Think of brand identity as the intersection of the company personality and the consumer. To stand out in the flood of competition in the marketplace, advertisers have turned their attention to developing brand identity “intangibles” that include emotional branding; the development of a brand tone with targeted messaging and eyes on consistent message delivery.
Know Your Brand Personality
Every brand has a personality. The key is to make sure the personality reflects the culture of the brand while appealing to the customer’s emotions. Take a big brand like Apple, for example. Their internal culture dictates that everything must be done to perfection — every detail matters. Steve Jobs once painted all the equipment in the manufacturing facility bright colors to create the right aesthetic for the room. He also insisted that the circuit boards on all Apple machines were neat and tidy — even though no one looked at them. It’s this hyper-attention to detail that created the brand. And, it’s built avid brand fans who expect nothing but the very best technology - presented as a work of art.
What can we learn from Jobs? Your brand must be a major focus of your business. It is the representation of who an organization is and how you connect with customers. Fans are attracted when the culture of an organization, the product it produces, and the customer it engages all intersect in a triangle of “brand love”. Harley Davidson is synonymous with rebellion… even to the retired businessman in the midst of a mid-life crisis. What does he do? He buys a Harley. Their company culture focuses on “personal freedom.” And, it’s where customers turn when they want to break free of the things tying them down.
Great brands are purposefully built by people who know their organizational personality and are passionate about their product.
The Emotional Connection
Memorable matters. Super Bowl commercials are proof-positive that long after the game is over, the best (and worst) commercials are talked about, shared, and played over and over again. Meaningful matters. When a brand makes us feel something, we will tell our family and friends and share it on social networks—buying into the product or service. According to Psychology Today, “advertising research reveals that emotional responses to an ad has greater influence on a consumer’s intent to buy (more so than the ad’s content).” Paying attention to what your brand says to consumers is important to fostering real passion and connection—increasing a brand’s longevity and success.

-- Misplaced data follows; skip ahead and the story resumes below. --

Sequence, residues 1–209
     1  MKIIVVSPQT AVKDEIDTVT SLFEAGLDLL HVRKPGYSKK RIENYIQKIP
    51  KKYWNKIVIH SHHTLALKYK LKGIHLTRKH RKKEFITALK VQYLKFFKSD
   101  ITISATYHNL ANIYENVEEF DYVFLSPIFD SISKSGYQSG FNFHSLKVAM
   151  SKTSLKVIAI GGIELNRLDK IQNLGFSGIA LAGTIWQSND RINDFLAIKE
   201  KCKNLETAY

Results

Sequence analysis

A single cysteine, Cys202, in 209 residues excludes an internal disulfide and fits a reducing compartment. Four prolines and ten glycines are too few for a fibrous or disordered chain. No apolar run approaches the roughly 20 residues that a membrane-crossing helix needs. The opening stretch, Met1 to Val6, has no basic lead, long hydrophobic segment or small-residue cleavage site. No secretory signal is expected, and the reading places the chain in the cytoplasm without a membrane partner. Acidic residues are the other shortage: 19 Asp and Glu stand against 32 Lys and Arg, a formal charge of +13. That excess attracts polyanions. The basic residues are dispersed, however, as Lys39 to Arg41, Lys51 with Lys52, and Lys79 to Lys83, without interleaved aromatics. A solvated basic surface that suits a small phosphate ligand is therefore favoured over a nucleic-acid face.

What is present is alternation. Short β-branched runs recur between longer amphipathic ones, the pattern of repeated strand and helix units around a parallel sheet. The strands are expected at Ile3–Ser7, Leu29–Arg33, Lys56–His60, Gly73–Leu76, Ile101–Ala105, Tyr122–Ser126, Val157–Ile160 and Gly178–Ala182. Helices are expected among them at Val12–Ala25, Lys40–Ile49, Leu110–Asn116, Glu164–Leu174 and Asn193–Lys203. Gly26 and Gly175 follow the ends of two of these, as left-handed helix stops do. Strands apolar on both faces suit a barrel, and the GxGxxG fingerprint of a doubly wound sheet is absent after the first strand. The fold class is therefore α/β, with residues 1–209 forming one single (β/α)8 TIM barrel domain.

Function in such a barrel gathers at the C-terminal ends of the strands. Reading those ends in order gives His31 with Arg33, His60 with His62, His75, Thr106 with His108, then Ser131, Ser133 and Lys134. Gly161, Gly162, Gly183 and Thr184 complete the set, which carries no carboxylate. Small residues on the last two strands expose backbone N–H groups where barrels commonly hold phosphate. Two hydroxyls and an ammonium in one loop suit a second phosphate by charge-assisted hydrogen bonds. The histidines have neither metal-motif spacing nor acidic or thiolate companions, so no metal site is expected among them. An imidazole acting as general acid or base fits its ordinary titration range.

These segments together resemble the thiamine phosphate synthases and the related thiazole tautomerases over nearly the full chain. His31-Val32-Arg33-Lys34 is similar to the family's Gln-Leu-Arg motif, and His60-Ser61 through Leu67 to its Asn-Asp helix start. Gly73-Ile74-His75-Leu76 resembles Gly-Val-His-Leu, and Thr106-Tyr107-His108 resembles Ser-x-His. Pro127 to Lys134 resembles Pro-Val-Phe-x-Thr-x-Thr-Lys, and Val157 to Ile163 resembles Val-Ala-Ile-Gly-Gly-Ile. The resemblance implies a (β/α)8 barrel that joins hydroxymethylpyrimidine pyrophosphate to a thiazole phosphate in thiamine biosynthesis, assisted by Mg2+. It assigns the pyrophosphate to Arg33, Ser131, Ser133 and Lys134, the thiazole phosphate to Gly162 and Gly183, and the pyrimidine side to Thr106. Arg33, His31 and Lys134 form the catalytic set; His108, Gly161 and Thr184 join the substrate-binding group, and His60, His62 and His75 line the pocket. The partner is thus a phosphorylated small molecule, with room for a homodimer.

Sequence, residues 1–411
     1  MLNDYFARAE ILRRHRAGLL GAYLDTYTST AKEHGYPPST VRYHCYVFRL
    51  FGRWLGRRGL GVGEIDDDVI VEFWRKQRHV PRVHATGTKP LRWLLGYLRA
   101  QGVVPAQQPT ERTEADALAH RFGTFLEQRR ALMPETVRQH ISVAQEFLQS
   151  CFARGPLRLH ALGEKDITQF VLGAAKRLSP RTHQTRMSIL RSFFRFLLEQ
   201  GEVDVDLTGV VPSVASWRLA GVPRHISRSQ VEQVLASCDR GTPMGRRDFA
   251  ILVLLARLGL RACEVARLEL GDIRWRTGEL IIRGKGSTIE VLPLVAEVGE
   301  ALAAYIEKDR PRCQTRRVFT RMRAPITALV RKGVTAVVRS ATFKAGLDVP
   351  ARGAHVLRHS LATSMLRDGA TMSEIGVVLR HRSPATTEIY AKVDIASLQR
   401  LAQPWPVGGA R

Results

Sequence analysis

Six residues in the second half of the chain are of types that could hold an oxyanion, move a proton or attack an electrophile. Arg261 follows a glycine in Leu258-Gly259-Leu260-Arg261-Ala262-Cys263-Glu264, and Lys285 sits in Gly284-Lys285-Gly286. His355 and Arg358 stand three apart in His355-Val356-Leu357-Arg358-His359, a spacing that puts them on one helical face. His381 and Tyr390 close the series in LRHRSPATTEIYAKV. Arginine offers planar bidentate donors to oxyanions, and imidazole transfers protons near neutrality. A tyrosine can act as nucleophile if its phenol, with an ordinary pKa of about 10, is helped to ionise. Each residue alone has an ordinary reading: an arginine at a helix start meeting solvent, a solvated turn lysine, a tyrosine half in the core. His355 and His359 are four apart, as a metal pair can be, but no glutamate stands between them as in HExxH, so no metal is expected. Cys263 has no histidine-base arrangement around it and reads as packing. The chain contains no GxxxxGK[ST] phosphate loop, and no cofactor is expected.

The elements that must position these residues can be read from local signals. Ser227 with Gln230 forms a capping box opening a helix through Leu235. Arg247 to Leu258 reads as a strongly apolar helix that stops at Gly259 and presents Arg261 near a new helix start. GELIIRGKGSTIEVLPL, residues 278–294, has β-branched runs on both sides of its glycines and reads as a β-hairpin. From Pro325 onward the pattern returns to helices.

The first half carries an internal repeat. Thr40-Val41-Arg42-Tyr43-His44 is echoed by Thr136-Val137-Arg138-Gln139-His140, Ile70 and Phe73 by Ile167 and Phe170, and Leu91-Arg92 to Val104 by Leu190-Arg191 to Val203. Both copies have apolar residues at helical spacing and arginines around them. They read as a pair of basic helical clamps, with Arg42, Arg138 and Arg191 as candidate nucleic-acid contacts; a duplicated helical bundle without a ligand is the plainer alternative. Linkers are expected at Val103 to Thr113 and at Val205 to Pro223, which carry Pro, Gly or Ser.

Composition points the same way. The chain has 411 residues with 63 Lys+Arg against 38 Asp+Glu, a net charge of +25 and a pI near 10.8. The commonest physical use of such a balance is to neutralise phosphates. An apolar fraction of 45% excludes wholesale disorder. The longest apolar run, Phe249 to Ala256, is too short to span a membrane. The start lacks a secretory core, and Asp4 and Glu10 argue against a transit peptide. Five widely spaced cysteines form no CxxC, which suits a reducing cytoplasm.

The Right Message
Along with a solid emotional response, a brand must have the right message and tone to reflect the value of the company to the market. For example, if a dog sitting service spends time talking about cats, and uses harsh colors and stark images for its tone, how many people with dog sitting needs would that service attract? Few, if any. By targeting the strengths of the product or service through solid facts and focusing on using the right tone for the brand, consumers will immediately understand, recognize, identify with, and buy into that product or service.
Consistency is key. Brand identity must be evident and consistent in every place your business is represented, whether it’s your paid, owned, or earned media. Look at every aspect of your brand—your website, social media, your logo, business cards and even signage. Fonts, colors, and images should all show your brand being used in a manner that will not confuse consumers with a mixed-message or misrepresentation of your product or service. Your brand’s tone should be evident through all media platforms and present your product or service in the way that speaks to consumers and creates that successful buzz—and ROI—that you want and need.
Presenting a unified brand to potential customers is our strength at Martin Communications. We are brand identity experts and every day, we help clients grow their businesses and achieve success. Check us out!